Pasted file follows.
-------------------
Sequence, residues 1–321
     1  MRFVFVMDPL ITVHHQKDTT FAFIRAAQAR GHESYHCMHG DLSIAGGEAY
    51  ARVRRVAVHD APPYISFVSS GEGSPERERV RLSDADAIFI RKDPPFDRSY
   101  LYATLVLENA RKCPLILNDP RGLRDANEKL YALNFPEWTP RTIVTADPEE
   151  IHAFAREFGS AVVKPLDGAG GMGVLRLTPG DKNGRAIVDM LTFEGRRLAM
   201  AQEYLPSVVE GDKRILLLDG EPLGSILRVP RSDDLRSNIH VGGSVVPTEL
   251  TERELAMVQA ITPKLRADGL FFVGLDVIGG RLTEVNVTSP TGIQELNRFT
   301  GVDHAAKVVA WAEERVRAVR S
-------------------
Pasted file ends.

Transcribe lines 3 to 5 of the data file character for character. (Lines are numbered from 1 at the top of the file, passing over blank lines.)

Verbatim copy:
    51  ARVRRVAVHD APPYISFVSS GEGSPERERV RLSDADAIFI RKDPPFDRSY
   101  LYATLVLENA RKCPLILNDP RGLRDANEKL YALNFPEWTP RTIVTADPEE
   151  IHAFAREFGS AVVKPLDGAG GMGVLRLTPG DKNGRAIVDM LTFEGRRLAM